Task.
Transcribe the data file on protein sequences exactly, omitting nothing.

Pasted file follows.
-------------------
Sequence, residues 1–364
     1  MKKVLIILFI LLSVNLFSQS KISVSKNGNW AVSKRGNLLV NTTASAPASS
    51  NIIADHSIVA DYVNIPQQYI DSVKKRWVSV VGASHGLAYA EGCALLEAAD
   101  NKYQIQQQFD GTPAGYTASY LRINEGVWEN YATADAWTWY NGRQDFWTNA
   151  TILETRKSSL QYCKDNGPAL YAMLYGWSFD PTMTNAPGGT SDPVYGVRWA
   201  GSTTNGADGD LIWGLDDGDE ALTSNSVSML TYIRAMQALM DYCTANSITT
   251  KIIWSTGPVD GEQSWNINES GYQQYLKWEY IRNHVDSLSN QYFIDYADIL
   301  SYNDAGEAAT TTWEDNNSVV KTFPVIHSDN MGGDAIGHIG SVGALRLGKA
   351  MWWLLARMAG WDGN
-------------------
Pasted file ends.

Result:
Sequence, residues 1–364
     1  MKKVLIILFI LLSVNLFSQS KISVSKNGNW AVSKRGNLLV NTTASAPASS
    51  NIIADHSIVA DYVNIPQQYI DSVKKRWVSV VGASHGLAYA EGCALLEAAD
   101  NKYQIQQQFD GTPAGYTASY LRINEGVWEN YATADAWTWY NGRQDFWTNA
   151  TILETRKSSL QYCKDNGPAL YAMLYGWSFD PTMTNAPGGT SDPVYGVRWA
   201  GSTTNGADGD LIWGLDDGDE ALTSNSVSML TYIRAMQALM DYCTANSITT
   251  KIIWSTGPVD GEQSWNINES GYQQYLKWEY IRNHVDSLSN QYFIDYADIL
   301  SYNDAGEAAT TTWEDNNSVV KTFPVIHSDN MGGDAIGHIG SVGALRLGKA
   351  MWWLLARMAG WDGN